Fortunately, in 2013, the vaccine manufacturers (Merck and GSK) offered the Global Alliance on Vaccines and Immunization (GAVI) a reduced price of US$4.50 per dose from the initial selling price of US$30–40 [14]. This reduction was made in order to ensure access for developing countries, which need the vaccine the most. However, for GAVI new vaccines support, only countries with three doses of diphtheria, tetanus, and pertussis vaccines (DTP3) coverage levels greater than or equal to 70% may apply. Nevertheless, countries that have not attained DTP3 coverage levels of up to 70% may apply to GAVI for HPV demo. The HPV demo means that poor countries that have not yet established the ability to deliver HPV vaccine could be supported by GAVI to implement a two-year demonstration programme. Nigeria, with DTP3 coverage of 41%, was only eligible for the HPV demo programme between 2013 and 2015 [14].

Despite these efforts, barriers to obtaining these vaccines individually in low-income countries like Nigeria still remain as the cost of the vaccine is prohibitive and out of the reach of the poor. Other major contributors to this are the poor vaccine delivery efforts, low cervical cancer screening levels, ineffective health system capabilities, inaccessibility to medical care, low awareness and knowledge of HPV and cervical cancer, and failure to recognize cervical cancer as a major health concern [10, 13, 1518]. This study, therefore, was aimed at finding out the level of knowledge about these HPV vaccines among mothers and their acceptance of the vaccines for their adolescent girls since the GAVI new vaccines support efforts of 2013 to 2015.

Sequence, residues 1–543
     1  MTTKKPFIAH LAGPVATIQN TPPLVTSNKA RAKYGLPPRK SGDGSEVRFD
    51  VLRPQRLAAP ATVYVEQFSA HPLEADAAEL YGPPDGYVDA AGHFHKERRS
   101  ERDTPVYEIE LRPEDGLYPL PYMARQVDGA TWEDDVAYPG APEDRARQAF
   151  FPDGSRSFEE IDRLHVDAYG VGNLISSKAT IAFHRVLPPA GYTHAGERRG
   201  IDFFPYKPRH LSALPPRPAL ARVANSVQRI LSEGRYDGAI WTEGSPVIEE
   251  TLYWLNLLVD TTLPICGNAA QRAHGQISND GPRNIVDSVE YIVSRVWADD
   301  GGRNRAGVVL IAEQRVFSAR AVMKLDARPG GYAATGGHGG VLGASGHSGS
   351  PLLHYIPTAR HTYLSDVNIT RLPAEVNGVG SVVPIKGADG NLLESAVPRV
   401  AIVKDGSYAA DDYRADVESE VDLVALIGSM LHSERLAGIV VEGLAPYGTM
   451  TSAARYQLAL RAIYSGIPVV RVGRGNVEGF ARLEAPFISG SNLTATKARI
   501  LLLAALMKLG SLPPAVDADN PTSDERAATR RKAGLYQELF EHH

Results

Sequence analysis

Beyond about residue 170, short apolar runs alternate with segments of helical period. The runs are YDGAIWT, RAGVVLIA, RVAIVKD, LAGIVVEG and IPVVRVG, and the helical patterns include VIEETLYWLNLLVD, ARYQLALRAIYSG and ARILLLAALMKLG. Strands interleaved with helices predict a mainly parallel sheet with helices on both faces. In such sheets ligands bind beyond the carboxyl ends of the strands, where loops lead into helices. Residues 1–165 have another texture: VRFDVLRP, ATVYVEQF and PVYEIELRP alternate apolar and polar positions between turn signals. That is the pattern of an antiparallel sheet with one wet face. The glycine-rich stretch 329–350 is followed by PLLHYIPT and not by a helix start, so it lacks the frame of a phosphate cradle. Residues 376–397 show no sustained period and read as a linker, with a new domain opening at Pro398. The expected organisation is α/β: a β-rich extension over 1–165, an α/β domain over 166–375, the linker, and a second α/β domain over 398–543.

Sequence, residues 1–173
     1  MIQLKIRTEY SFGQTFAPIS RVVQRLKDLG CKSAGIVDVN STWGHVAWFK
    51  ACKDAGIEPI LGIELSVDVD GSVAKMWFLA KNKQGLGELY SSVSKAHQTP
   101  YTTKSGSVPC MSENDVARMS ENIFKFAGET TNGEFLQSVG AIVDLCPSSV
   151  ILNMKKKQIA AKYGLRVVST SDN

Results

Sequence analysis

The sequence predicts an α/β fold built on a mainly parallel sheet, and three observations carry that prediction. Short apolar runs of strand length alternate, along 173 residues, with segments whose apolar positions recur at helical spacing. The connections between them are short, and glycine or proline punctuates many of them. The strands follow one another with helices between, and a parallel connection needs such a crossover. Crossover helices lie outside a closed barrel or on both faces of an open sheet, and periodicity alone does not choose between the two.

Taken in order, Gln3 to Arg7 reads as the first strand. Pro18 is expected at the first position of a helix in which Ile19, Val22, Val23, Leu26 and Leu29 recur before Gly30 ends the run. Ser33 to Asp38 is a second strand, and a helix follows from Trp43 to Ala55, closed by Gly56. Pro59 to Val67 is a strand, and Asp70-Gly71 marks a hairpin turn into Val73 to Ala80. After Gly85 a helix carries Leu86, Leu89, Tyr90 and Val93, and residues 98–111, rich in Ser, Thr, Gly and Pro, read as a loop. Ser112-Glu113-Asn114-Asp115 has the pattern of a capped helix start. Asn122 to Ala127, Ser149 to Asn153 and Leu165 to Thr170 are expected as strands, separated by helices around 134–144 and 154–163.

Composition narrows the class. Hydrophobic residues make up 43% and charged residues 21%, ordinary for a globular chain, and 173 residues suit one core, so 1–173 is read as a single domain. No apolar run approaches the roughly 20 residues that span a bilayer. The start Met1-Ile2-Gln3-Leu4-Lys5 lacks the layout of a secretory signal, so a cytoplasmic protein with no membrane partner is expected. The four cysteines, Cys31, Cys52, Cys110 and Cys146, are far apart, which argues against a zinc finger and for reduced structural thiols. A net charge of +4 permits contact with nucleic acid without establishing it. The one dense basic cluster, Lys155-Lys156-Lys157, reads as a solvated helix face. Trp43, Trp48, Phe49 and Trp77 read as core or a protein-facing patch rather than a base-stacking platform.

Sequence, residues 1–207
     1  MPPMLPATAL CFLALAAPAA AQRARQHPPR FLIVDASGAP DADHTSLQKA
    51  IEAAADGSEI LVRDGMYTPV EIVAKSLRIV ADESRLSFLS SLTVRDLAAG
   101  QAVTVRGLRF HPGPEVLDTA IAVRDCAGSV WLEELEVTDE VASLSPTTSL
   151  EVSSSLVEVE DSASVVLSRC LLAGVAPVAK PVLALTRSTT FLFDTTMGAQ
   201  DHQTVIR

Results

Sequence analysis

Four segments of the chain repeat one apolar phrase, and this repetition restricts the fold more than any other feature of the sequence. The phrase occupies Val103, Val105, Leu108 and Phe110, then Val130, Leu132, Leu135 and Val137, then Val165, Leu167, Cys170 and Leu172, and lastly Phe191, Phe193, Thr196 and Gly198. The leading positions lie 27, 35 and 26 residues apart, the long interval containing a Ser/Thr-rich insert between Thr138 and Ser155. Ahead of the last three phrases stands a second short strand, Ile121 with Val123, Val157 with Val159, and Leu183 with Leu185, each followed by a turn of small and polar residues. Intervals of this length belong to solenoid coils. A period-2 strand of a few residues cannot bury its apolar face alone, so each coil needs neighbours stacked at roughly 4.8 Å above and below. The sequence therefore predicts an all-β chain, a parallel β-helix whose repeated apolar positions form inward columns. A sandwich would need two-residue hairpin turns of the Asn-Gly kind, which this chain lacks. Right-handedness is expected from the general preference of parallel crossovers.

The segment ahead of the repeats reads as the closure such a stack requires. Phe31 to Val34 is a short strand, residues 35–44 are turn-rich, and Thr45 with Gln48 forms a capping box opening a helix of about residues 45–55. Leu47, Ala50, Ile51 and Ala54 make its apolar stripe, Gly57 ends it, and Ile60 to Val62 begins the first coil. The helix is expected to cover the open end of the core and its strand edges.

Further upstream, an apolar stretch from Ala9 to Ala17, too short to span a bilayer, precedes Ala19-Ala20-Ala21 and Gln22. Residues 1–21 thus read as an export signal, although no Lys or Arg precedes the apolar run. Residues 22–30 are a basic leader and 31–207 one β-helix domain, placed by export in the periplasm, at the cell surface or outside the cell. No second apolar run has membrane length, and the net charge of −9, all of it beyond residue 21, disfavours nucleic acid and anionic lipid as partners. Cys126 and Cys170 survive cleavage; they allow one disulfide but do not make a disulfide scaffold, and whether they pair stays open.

2. Materials and Methods

2.1. Study Design and Setting

This study was a descriptive cross‐sectional survey that involved women attending the gynaecology outpatient clinics of the Lagos University Teaching Hospital (LUTH) between August and October 2015. LUTH is the teaching hospital of the College of Medicine of the University of Lagos. It is situated in the heart of Lagos Mainland, which has a population of over 2,150,100 inhabitants. It serves the whole of Lagos and its suburbs, and it is open to all categories of patients. The hospital has over 800-bed spaces and records over 9,000 patients’ attendances per month. It operates at the tertiary level of the healthcare delivery system in Nigeria. Referrals are received from both private and public hospitals in Lagos as well as other parts of the country.

2.2. Study Population

These were nonpregnant women with non-life threatening gynaecological complaints attending the gynaecological outpatient and cytology clinics of LUTH during the study period and the sample population included all consenting women recruited by consecutive sampling method. Excluded from the study were women being evaluated or managed for any gynaecological malignancy.

2.3. Data Collection

Informed consent was obtained from the women prior to their recruitment for the study and interviews were conducted by the investigators to collect relevant data from the participants. The interview guide was divided into three main sections (A to C) which included data on (A) sociodemographic variables of participating women, (B) their knowledge of genital HPV infection and HPV vaccines, and (C) their acceptance of HPV vaccines for their adolescent girls after 5- to 10-minute group health talks on HPV vaccination.

2.4. Statistical Analysis

Relevant data were analysed using SPSS statistical package version 21.0 for windows manufactured by IBM Corp., Armonk, NY, United States. The data were presented as chart and frequency distribution tables. The association between the sociodemographic variables (age and educational level) and acceptance of HPV vaccination was tested using Chi-square test or Fisher’s exact test where appropriate. All significance values were reported at .

2.5. Ethical Approval

Ethical approval for the study (HREC Number: ADM/DCST/HREC/2179) was obtained from the hospital’s Health Research and Ethics Committee prior to the commencement of the study and the ethical principles according to the Helsinki Declaration were considered during the course of the research.